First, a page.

"Big data" is everywhere in the media. Everybody says that "big data" is the big thing for 2012, e.g. KDNuggets poll on hot topics for 2012. However, I have deep concerns here. With big data, everybody seems to be happy just to get anything out. But aren't we violating all classic statistical principles such as hypothesis testing and representative sampling?
As long as we make only predictions about the same data set, this should be fine. So if I use Twitter data to predict Twitter user behavior, that is probably okay. However, using Twitter data to predict e.g. Elections completely neglects the fact that the Twitter users are not a representative sample for the whole population. Plus, most methods will actually not be able to differentiate between a true "grassroots" mood and a campaign. And twitter is full of campaigns. So when analyzing Twitter, you quickly end up just measuring campaigning and bots. (See for example "Yahoo Predicts America's Political Winners" which is full of poll bashing and "sentiment analysis is much better". They predicted "Romney has over a 90 percent likelihood of winning the nomination, and of winning the South Carolina primary" (he had 28%, while Gingrich had 40% in this primary).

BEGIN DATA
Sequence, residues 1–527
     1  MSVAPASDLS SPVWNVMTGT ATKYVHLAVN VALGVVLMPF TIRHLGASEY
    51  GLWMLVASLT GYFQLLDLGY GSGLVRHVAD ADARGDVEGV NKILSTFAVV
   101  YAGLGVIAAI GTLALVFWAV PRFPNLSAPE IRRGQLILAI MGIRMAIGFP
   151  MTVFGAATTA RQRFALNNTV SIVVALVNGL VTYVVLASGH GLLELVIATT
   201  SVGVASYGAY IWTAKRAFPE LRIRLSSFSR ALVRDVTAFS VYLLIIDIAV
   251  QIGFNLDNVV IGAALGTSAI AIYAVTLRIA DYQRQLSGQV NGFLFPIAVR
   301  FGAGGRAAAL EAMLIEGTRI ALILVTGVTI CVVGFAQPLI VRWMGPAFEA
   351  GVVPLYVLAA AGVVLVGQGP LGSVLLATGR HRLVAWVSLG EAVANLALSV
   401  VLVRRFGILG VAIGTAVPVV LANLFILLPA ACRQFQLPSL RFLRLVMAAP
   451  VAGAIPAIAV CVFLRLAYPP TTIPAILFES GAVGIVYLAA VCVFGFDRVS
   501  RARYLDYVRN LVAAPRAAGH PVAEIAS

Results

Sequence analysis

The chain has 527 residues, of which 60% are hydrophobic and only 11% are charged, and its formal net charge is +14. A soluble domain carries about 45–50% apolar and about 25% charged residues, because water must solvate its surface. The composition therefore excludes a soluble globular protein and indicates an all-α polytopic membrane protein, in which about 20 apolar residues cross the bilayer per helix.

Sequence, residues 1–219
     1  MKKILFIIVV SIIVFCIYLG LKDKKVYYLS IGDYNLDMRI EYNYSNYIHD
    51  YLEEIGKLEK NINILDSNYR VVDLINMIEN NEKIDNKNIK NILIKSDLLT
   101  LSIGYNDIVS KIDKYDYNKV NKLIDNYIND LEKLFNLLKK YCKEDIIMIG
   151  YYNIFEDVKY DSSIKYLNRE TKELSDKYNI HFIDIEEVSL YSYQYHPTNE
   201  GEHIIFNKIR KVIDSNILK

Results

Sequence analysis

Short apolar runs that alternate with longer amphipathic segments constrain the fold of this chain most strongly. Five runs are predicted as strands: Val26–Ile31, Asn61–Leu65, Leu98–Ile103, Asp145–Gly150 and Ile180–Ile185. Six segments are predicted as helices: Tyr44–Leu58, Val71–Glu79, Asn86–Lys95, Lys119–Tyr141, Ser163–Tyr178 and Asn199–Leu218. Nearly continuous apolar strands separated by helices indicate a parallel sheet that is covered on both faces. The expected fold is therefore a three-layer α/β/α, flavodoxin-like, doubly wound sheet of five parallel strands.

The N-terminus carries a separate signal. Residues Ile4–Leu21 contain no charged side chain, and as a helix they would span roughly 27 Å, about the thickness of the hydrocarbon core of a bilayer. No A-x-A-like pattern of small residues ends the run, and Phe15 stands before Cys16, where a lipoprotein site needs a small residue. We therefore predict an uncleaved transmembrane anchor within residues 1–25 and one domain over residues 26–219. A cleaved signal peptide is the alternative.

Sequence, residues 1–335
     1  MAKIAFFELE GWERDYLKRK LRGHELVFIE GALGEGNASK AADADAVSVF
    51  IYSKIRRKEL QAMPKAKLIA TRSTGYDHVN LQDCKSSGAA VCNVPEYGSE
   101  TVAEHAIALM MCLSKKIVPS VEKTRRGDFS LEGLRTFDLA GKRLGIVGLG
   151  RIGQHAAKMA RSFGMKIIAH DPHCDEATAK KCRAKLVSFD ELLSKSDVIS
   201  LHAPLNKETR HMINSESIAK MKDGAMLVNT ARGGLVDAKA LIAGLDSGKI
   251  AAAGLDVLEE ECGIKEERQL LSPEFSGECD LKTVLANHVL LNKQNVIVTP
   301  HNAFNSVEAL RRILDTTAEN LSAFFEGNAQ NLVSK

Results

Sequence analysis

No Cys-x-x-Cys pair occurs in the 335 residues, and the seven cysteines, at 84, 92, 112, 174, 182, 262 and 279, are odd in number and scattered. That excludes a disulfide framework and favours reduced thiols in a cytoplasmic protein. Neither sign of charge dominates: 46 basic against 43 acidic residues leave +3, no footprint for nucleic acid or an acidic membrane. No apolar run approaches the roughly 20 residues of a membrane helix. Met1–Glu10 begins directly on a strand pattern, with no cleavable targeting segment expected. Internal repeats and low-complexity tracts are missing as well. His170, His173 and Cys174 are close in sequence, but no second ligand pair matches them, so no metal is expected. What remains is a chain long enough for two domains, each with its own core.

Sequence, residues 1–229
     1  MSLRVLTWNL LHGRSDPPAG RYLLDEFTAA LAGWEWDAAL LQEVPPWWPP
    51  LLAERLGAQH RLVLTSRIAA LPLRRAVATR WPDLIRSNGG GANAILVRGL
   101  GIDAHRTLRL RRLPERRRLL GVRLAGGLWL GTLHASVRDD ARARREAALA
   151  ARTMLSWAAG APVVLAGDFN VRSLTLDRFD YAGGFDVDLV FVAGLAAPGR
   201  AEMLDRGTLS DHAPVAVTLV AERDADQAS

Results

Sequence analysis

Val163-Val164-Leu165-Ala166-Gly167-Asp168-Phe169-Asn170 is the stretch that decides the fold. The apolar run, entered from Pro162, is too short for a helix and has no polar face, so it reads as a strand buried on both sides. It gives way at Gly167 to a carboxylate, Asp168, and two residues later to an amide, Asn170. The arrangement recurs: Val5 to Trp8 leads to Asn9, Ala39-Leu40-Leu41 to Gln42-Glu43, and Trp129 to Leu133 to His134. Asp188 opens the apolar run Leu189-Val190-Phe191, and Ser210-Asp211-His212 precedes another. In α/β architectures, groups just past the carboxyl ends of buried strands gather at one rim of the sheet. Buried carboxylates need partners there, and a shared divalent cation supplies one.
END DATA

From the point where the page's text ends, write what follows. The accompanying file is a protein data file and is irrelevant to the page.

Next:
Do you know other such big data fails? I remember roughly that one scientist predicted you could not maintain more than 150 friendships. He actually had only discovered a cap limit in friendster ...
As for twitter data, or actually any "big data" collected from the web, I believe that often people even introduce additional bias by the way they collect their data. Few will have all of Twitter. They will have a certain subset they spidered, and this is just yet another bias in their data set.
Splitting the data into a test set or for doing cross validation likely doesn't help much. The other set will have the same bias. And for big data, I need to "compress" my information so heavily that I'm rather unlikely to overfit.
I recently heard this joke, with the big data scientist that discovered there are approximately 6 sexes in the world... and I can this just so imagine to happen... "Male, Female, Orc, Furry, Yes and No".
So what methods do we have to get some statistical validity back into the analysis, in particular when trying to predict something outside of the "big data" dataset?